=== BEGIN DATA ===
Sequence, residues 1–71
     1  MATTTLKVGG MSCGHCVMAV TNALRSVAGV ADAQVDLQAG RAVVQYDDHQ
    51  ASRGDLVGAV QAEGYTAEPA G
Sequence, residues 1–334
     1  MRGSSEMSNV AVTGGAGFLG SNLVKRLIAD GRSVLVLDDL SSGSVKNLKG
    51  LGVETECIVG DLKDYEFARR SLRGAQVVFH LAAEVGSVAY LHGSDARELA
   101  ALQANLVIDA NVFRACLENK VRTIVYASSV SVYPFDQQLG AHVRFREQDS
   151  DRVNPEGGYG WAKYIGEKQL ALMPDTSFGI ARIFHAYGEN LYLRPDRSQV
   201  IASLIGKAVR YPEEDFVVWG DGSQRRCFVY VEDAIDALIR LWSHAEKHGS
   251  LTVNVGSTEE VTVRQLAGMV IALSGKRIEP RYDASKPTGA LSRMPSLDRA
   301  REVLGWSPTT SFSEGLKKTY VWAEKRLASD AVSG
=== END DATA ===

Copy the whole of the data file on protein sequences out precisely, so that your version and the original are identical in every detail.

Sequence, residues 1–71
     1  MATTTLKVGG MSCGHCVMAV TNALRSVAGV ADAQVDLQAG RAVVQYDDHQ
    51  ASRGDLVGAV QAEGYTAEPA G
Sequence, residues 1–334
     1  MRGSSEMSNV AVTGGAGFLG SNLVKRLIAD GRSVLVLDDL SSGSVKNLKG
    51  LGVETECIVG DLKDYEFARR SLRGAQVVFH LAAEVGSVAY LHGSDARELA
   101  ALQANLVIDA NVFRACLENK VRTIVYASSV SVYPFDQQLG AHVRFREQDS
   151  DRVNPEGGYG WAKYIGEKQL ALMPDTSFGI ARIFHAYGEN LYLRPDRSQV
   201  IASLIGKAVR YPEEDFVVWG DGSQRRCFVY VEDAIDALIR LWSHAEKHGS
   251  LTVNVGSTEE VTVRQLAGMV IALSGKRIEP RYDASKPTGA LSRMPSLDRA
   301  REVLGWSPTT SFSEGLKKTY VWAEKRLASD AVSG